In fact, this was the case with my eldest. Again, in the middle of the night, I thought I had constipation and tried to poop, but it turned out I was actually in labor. Another friend of mine experienced the similar feeling, and we laugh about how strange labor can come so unexpectedly.
If the gas pains and constipation persist, begin timing the discomfort to track how often they happen. If you see a pattern, you’re likely in labor.
5. Water breaking
Contrary to what we see on television, only a small percentage of women experience their water breaking. Still, it can very well happen.
Your babies are inside an amniotic sac, and when that membrane ruptures, the amniotic fluid leaks out. This is what we call your water breaking and is definitely a sign of labor.
Discuss with your doctor what she suggests you do when your water breaks.
She’ll likely want you to labor at home and only go to the hospital when your contractions are a certain pattern apart. That said, note the time your water broke, since you’ll probably need to deliver within 24 hours, regardless of the pattern of your contractions.
How to labor at home
I thought my twin labor would go much faster than my singleton, since subsequent labors tend to go faster than the first. Our bodies are supposed to “remember” how to labor, so the time to give birth shrinks with each one.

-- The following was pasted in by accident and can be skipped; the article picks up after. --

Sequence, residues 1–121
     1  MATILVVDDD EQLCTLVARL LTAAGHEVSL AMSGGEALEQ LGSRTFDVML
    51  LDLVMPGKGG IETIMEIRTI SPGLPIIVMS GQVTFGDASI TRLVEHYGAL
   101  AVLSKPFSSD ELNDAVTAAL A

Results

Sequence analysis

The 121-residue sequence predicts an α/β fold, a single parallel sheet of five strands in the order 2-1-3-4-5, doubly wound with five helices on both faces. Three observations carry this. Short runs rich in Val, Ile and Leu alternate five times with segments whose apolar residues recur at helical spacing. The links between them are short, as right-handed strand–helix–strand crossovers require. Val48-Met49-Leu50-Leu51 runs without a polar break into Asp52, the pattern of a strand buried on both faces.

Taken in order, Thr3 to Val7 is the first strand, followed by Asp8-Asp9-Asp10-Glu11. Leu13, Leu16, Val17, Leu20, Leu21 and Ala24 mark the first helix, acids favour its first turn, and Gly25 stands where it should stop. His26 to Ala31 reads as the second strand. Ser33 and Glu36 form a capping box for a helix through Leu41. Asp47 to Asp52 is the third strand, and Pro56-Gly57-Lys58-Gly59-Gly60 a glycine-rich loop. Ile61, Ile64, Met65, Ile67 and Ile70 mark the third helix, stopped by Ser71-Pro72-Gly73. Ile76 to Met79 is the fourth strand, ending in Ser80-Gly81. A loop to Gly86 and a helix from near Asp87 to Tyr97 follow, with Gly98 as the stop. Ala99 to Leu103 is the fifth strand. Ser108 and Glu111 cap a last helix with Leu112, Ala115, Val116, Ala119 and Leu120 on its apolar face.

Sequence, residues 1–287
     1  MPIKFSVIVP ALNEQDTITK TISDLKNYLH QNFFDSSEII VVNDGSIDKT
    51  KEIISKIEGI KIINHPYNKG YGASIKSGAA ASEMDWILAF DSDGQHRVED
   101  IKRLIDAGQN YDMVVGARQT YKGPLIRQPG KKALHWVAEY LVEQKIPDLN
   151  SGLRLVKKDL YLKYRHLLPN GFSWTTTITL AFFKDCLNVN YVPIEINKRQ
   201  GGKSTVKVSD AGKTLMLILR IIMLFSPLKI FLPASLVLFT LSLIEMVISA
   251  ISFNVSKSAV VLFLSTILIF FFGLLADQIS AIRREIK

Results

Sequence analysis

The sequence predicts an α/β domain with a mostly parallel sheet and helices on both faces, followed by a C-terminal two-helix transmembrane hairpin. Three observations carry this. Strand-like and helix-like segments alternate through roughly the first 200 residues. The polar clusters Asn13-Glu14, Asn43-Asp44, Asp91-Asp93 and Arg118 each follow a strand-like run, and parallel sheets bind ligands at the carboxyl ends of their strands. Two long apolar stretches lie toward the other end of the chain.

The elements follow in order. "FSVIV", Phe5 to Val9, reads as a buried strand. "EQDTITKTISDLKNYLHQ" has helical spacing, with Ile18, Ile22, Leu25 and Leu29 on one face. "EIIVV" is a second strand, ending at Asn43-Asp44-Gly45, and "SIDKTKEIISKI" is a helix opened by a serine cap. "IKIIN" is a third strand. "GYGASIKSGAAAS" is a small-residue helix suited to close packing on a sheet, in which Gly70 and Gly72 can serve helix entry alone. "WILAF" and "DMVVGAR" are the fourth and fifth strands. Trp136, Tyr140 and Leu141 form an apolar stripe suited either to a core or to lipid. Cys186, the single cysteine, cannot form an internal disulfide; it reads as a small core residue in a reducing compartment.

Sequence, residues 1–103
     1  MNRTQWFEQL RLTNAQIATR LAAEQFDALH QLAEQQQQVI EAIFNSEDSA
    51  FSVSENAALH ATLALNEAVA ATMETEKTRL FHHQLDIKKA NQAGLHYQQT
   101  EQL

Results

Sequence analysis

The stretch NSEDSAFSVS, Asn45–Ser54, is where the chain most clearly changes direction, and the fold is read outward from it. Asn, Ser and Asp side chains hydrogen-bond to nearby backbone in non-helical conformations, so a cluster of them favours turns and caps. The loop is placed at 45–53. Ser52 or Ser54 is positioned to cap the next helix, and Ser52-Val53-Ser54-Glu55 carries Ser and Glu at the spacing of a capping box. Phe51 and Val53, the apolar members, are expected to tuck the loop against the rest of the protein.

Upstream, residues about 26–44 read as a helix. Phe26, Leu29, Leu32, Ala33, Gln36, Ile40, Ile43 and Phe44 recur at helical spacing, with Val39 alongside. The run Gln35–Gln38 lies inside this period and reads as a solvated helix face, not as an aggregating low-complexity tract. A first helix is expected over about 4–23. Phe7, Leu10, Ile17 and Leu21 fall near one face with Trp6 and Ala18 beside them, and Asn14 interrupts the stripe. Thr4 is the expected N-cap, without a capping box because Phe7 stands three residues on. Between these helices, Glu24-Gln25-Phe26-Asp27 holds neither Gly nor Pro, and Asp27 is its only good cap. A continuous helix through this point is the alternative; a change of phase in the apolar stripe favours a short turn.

So, since my first baby was born after 14 hours of labor, I was surprised when I finally pushed the twins out a whopping 20 hours later.
“It’s because they’re twins,” my doctor explained. Had I had a singleton baby the second time around, labor probably would’ve been much quicker. But with two babies, labor with twins can typically take longer, even as a second or subsequent pregnancy.
So if you’re like me, you’ll likely be home during the early stages of labor. This is when your contractions are rhythmic, but still too far apart and too short to need to be in the hospital.
Most hospitals will admit you if your cervix has dilated to three centimeters. Your doctor will also tell you how many minutes apart your contractions should be before you go to the hospital.